Album Review

Keller, Hermann – “Nicht Ohne Wasser / 29 Stucke” – [Jazzwerkstatt]

abacus   1/8/2014   CD, Jazz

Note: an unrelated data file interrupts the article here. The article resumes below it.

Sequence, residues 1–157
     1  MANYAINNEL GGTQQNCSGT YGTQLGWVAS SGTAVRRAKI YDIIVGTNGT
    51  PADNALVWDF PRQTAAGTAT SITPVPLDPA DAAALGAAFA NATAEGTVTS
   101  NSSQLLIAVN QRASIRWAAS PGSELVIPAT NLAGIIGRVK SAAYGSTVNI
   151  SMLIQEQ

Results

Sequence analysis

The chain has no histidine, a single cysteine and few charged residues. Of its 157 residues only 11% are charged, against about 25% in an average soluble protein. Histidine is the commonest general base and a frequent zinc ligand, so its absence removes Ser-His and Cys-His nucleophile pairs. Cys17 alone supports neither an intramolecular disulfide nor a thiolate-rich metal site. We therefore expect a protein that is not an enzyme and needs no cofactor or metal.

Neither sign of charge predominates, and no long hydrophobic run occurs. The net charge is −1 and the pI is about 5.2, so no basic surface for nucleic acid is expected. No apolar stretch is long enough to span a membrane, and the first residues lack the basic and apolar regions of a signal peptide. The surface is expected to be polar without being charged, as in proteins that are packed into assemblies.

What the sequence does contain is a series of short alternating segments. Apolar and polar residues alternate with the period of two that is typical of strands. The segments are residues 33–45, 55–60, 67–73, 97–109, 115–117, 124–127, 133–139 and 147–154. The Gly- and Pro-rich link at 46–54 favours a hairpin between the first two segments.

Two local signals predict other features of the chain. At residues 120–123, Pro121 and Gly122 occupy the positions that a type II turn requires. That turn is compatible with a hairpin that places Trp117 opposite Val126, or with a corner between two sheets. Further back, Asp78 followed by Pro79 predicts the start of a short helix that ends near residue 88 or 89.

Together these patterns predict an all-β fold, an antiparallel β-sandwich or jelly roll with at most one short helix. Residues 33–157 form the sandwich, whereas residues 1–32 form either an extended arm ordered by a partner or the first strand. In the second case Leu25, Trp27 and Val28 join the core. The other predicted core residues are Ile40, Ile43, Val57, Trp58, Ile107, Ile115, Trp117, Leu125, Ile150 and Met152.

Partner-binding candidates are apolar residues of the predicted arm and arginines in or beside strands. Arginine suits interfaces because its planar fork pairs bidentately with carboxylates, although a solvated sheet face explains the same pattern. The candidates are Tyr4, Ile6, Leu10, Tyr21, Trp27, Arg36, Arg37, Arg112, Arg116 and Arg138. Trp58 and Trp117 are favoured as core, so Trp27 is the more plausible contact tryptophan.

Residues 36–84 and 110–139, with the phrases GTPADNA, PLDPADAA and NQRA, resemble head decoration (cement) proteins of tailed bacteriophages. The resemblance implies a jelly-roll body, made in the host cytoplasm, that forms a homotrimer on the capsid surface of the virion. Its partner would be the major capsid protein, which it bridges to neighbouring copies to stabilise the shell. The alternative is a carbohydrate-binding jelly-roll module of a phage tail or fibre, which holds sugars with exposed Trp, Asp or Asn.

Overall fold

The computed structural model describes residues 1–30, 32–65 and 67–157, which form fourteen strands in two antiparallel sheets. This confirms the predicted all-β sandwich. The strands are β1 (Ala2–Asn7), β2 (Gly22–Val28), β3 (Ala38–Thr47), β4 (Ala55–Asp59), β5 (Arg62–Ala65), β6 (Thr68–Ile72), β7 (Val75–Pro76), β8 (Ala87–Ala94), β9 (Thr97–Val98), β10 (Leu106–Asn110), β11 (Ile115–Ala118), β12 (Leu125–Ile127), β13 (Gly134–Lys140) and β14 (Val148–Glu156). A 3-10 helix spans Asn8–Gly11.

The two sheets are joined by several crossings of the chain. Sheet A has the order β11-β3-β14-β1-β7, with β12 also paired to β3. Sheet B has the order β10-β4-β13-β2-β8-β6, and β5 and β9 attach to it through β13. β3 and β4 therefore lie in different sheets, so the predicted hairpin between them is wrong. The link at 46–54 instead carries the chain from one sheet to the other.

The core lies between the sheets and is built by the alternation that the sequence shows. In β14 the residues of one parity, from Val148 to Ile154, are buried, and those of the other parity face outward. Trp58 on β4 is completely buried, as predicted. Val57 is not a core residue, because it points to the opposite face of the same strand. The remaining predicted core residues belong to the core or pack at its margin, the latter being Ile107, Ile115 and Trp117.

A pioneer of the prepared piano, Hermann Keller was born in Zeitz, Germany in 1945 and began experimenting with the “sound-expanded piano” in the 1970s. He uses primarily rubber bands to produce flagellant effects and metal screws to introduce a rattling polyphony into the mixture. On the first CD here, “Never Without Water” he plays with a quartet he’s worked with since the 90s and incorporates water drums and waterphones, along with prepared (with water) clarinet to follow the title thematically. Sometimes tense, moody and introspective, other times flimsy, jittery and whimsical, these improvisations have an astounding breadth of texture and timbre, sounding at times like ancient rhythms of a lost tribe of Atlantis and other times like a John Cage orchestra equipped with a toy store, or just the characters of toy story tripping out to some underground lounge jazz. A tinkering playhouse of trinkets throughout, with the second CD an assortment of solo pieces by Keller demonstrating his virtuosity at layering all sorts of rhythms and melodies amidst the clickety clack. You can hardly tell there is a piano being played on most of this album, though the last two tracks do feature him playing the keys clean. This music falls somewhere between modern classical experimental, freeform jazz and deconstructed sound improv, though who cares, its all fun and games (till someone gets a piano wire in the eye).

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